Mil-dot/MRAD vs MOA

Discussion in 'Long Range Scopes and Other Optics' started by gregw83, Mar 1, 2014.

  1. gregw83

    gregw83 Member

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    Feb 9, 2014
    What are your thoughts on this? I hunt groundhogs, and I've used mil dots pretty effectively to range my shots from my 223 with 55gr bullets within the range they are commonly used for (350 yds and under) I just bought myself a savage model 12 lrp in .243 to dramatically increase that distance. I posted a topic before, but after a lot of thinking and internet research on different reticle and price options for good optics at a reasonable price for doing what I plan to do, I honestly can't make up my mind. Mil dots are not as easy to do as far as hold over off the top of your head as MOA is, but 3.6" between the dots typically at 10x is what they are. I've been stuck on this because that 3.6" is roughly the size of a groundhogs head, and it has worked out quite well for me. stretch that out to 600 or so, you need 1/2 dots, or a smaller measurement. I've considered just getting a range finder, but one that could range a woodchuck at 500+ yards probably won't come cheap seeing as how they advertise 1000+ yards on reflective targets, 500-600 on deer. I've considered the hawke sidewinder, but it's true at 20x, so I can't up the magnification to shrink the dots in half like I can with a 10x mil dot at longer ranges. I've seen vortex makes the 6-24 HS-T, true at 18x, offered in MOA or MRAD. What do you think guys????
     
  2. Mikecr

    Mikecr Well-Known Member

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    I say get a good second focal plane scope, med-fine crosshair reticle, Leica laser range finder, dial either inches per hundred yards or 1/8-1/4MOA with that elevation knob, and hold center of crosshair top of the grass. When the GH stands up, mind your level and inject lead.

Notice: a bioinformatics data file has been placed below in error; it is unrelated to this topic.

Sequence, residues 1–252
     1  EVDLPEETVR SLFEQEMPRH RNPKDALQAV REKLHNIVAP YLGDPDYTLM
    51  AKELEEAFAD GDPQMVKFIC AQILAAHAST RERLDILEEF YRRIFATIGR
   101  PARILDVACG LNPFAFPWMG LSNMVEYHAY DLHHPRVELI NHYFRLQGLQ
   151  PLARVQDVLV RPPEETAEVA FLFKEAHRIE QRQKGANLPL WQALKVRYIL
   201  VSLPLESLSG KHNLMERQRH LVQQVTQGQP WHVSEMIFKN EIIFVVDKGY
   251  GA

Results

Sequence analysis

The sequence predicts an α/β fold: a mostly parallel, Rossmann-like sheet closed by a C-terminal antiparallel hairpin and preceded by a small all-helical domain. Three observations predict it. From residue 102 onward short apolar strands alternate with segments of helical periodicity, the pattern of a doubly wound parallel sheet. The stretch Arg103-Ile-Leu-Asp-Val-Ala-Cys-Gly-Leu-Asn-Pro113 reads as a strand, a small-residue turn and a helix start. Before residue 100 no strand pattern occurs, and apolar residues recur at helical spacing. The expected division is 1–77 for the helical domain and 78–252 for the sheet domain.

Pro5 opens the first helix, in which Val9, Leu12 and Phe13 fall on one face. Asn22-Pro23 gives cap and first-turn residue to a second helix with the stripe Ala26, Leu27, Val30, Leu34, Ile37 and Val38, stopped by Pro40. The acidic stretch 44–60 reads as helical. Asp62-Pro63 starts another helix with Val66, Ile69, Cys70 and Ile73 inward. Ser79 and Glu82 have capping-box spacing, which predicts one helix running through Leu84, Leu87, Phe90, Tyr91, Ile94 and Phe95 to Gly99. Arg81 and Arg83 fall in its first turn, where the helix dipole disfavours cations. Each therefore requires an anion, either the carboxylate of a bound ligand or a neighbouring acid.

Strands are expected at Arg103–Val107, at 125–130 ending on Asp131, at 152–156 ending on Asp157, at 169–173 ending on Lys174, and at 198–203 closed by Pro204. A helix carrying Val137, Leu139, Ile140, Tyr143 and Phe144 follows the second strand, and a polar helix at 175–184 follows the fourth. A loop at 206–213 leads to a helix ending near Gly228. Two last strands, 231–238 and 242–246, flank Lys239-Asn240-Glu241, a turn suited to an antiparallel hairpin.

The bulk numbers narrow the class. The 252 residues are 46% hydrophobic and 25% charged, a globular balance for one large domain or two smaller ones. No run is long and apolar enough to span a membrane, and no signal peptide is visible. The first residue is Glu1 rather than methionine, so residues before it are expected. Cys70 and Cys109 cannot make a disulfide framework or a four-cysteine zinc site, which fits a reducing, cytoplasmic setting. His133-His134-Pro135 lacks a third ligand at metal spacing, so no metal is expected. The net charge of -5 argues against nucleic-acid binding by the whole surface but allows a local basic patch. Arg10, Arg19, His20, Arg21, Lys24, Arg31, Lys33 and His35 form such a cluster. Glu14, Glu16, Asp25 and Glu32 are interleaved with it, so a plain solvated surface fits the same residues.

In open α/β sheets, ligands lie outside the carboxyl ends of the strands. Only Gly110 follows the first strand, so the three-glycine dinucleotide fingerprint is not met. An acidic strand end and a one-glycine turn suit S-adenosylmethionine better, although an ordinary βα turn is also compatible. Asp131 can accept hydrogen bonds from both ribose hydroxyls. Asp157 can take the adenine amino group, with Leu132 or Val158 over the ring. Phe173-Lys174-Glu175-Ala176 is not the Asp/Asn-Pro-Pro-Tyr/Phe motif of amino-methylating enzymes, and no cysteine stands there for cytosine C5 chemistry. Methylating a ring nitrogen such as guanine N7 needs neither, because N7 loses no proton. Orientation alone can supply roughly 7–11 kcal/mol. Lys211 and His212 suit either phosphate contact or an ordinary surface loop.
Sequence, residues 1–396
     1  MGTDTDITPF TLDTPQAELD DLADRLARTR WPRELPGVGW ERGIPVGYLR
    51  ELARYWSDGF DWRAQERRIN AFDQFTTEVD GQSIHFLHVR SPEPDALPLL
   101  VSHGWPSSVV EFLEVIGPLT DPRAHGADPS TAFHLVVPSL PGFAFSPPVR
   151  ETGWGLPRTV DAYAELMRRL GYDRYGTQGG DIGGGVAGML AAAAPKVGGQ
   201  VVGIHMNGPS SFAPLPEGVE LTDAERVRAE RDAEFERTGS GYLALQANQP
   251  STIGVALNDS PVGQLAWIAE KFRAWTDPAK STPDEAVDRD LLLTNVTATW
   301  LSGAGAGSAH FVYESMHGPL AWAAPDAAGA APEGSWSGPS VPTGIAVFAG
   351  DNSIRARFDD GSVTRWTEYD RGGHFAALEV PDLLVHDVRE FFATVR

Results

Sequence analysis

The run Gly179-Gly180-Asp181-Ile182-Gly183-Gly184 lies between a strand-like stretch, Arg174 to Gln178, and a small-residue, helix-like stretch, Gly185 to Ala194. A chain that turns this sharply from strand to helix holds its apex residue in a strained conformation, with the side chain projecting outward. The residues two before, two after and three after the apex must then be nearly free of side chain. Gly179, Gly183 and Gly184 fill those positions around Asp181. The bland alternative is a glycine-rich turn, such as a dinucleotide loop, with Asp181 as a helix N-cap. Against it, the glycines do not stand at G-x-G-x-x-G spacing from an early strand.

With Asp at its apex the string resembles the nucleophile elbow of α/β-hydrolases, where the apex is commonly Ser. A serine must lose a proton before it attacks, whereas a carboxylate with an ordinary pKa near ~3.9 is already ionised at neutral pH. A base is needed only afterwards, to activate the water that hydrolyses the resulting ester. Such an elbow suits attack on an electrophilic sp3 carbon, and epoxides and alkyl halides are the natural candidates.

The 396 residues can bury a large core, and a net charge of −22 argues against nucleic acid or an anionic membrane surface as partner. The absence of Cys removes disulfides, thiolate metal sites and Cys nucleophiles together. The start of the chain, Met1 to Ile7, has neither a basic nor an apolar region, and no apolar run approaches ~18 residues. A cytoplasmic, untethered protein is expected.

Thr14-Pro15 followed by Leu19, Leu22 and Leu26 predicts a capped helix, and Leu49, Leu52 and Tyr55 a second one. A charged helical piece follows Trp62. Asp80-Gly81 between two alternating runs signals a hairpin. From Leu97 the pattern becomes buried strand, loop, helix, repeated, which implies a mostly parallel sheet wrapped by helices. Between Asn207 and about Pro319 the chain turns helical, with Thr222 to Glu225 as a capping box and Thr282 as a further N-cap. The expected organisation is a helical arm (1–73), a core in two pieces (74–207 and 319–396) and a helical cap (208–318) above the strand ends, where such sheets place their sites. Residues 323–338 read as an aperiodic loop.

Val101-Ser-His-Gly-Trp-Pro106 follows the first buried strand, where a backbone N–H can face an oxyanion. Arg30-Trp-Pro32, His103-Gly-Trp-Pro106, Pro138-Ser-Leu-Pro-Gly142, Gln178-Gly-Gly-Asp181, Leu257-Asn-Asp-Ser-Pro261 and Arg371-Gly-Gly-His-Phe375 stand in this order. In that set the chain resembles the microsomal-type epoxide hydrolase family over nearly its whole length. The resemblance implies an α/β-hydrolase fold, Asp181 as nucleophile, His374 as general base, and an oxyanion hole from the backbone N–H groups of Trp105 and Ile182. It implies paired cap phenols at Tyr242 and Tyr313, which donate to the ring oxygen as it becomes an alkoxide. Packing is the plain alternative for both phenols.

3. Engineering101

    Engineering101 Well-Known Member

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    gregw83

    Stretching out to 600 yards with a bigger gun is a bit problematic if you want to just range estimate from the reticle. The reason, my 6mm rem drops 29.2 at 500 yards and 50.4 at 600 yards. The bullet is falling rapidly when it gets out there and you need to KNOW the range to hit a small target. Get the latest version of the Leica 1600 rangefinder and dial up. I bought mine for around $800. That is about what a medium priced scope goes for and it is critical to success when you try to get out there past 500 yards.
     
  4. charlesasmith

    charlesasmith Member

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    Engineering 101

    I realizing I am highjacking this thread. I am also interested in the original question.

    Do you mount your Leica on a tripod to take a reading? I have difficulty ranging @ 400 yds for prairie dogs with mine. The land is flat without significant demarcations other than a mound. Have you experienced this problem with the 1600?

    Chuck